Payment Card Industry Audit with only minor findings?


Clearly, it feels good to know that everything appears to be taken care of. But the truth is that when it comes to data security, cybersecurity, network security—just about any kind of corporate information


Trend 6. Active Defense Accenture Technology Vision 2013

66 security—many enterprises can do much more to address the risks that their organizations face. blunt today’s attacks and plug the many entry points that highly skilled attackers can now exploit.

The burden does not rest solely on the IT department’s shoulders. The risks incurred are


risks—the harm to intellectual capital when sensitive data is compromised, the operational risk when business is disrupted, the reputation risk when personally identifiable consumer information is stolen, and of course the increasing likelihood of hefty penalties when data security regulations are violated. None of these risks goes away unless business leaders assume responsibility for IT security too.

Although most companies certainly have invested substantially in IT security, they are still not taking full advantage of the maturing tools and services now available to help

The information security landscape has become an intimidating and confusing place. Things are harder to keep in order: the IT attack surface keeps expanding across more devices, more systems, more people, more partners, and broader infrastructure.

Extensions to the enterprise—think cloud and mobility—have created new places for hackers to probe.

Threat levels are increasing as sophisticated, targeted forms of cybercrime emerge. Governments and organized crime groups are on the lists of hackers, while hacktivists and lone wolves are becoming more dangerous because they are benefiting from the established tactics and techniques of these organized groups. And legacy systems that were never designed for a connected world have been brought online, opening up further weak points. i

Yet while some alert enterprises are striving to stay abreast of new advances in security, many others—too many—are now further behind than they were a year ago.

Compliance has become the comfort zone, but the security “model” based on adherence to standards is flawed—largely as a consequence of rapid innovation in IT. Standards

simply can’t evolve fast enough to keep pace. Essentially, enterprises’ default mode is perimeter protection when it should be proactive probing, and isolationism when it should be integration.

Enterprises must shift their thinking and begin to expect that 3 a.m. call about a security breach. As a matter of urgency, they have to close the widening gap between their practices and current best practices—they need to undertake regular actions such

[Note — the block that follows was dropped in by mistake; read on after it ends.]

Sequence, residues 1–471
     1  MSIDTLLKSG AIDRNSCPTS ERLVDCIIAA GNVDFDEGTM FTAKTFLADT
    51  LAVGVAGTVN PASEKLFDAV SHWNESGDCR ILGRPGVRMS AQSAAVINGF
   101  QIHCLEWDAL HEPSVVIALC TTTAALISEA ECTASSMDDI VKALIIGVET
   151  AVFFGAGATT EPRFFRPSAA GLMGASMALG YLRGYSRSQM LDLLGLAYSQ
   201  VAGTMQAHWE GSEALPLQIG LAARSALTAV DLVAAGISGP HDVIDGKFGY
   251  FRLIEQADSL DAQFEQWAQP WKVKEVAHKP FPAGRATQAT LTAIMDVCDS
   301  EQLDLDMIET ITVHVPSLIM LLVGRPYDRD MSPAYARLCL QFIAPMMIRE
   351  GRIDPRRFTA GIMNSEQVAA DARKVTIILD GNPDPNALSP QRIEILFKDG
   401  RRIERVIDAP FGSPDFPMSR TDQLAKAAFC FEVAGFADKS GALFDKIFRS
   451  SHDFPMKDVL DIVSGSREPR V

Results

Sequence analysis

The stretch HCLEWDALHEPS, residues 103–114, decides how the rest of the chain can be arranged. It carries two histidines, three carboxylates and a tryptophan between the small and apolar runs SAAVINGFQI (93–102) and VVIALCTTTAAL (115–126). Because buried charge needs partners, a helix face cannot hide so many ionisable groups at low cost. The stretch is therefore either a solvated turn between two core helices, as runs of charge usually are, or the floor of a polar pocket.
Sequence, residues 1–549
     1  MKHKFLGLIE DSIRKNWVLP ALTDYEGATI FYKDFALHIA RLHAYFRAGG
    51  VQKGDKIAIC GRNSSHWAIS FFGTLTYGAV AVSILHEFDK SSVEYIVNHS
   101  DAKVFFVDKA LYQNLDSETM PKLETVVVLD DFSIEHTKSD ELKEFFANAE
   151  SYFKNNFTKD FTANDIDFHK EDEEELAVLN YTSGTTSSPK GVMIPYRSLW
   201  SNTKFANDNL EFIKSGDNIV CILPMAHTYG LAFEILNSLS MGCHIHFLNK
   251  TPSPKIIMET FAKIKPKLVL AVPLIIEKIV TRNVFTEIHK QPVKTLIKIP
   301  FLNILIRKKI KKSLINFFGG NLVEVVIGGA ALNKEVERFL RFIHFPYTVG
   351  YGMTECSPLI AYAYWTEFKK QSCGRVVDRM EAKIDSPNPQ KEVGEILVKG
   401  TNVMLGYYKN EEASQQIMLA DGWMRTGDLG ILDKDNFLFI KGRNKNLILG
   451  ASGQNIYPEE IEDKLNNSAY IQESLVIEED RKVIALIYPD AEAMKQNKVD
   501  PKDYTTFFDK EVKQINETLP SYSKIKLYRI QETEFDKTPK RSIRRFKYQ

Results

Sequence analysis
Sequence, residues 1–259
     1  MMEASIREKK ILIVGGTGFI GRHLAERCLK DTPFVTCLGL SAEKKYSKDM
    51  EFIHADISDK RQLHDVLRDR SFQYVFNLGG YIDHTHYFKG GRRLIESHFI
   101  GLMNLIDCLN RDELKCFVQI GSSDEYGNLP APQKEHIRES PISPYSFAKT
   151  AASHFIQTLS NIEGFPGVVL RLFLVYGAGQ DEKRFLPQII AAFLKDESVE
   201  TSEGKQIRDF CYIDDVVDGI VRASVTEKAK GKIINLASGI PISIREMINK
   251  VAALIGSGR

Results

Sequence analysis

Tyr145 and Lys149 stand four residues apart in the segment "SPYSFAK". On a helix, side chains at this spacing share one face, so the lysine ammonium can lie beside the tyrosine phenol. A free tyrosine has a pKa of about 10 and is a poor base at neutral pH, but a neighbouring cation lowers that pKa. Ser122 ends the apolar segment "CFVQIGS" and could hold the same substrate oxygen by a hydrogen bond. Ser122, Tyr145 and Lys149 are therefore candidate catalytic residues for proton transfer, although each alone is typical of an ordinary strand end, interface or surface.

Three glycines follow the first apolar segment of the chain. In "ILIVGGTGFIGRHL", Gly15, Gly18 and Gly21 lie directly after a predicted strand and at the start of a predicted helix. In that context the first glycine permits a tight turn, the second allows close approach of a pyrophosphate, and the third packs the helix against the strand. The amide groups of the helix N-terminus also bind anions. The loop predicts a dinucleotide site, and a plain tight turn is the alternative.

Compliance has become the comfort zone, but the security ‘model’ based on adherence to standards is flawed—largely as a consequence of rapid innovation in IT.

Standards simply can’t evolve fast enough to keep pace.

Trend 6. Active Defense Accenture Technology Vision 2013 as deploying reflex-like responses to security threats in their midst and leveraging analytics to create a second line of defense around data and services. And on top of that, their IT leaders need to keep eyes and ears open for the next round of advancements, the better to help their organizations prepare more creative and more agile responses and to get more insight into attack profiles.

Managing the risks when attackers get through


In the past, IT has architected everything around the idea of keeping the bad guys out. Today, though, optimal IT security is not about complete prevention; it’s about recognizing that attackers


get through. In fact, it’s no longer just a matter of discovering that someone is trying to penetrate your firewall; it’s about acknowledging that advanced persistent threats

(APTs) have


penetrated your organization, often avoiding your perimeter altogether. Few enterprises are truly ready to deal with that alarming reality. of what’s known about the breaches that are occurring. In doing so, IT groups and their business colleagues shift from compliance to action; specifically, they put the emphasis on managing risk, matching their responses to the magnitude of the risks posed to the business.

Essentially, they are able to think like the enemy at all times.

To minimize the damage when attackers


penetrated, IT groups must find out how, where, and when they did so. That means that IT’s security professionals, working hand in glove with the relevant business staff, must design and deploy processes and systems that allow them to expect and monitor security compromises in the first place and react to them before the attackers can begin to wreak havoc.

This calls for new levels of awareness—keeping abreast of the state of play of threat actors in general—and for new ways to act on what is being learned in the context

The keys to mastering risk and figuring out the big security picture for


enterprise are in understanding the businesses processes and the strategic assets that you’re trying to protect. (If you can’t figure out what should be happening, it’s hard to say when someone is doing something

“wrong.”) A manufacturer, for instance, might instrument and protect the specifications for a critical engineering component in order to detect access anomalies


Trend 6. Active Defense Accenture Technology Vision 2013


Leading organizations will understand the

business consequences

of inevitable data leaks and respond proportionally; they get the idea that different levels of attacks require different speed, scale, and types of responses.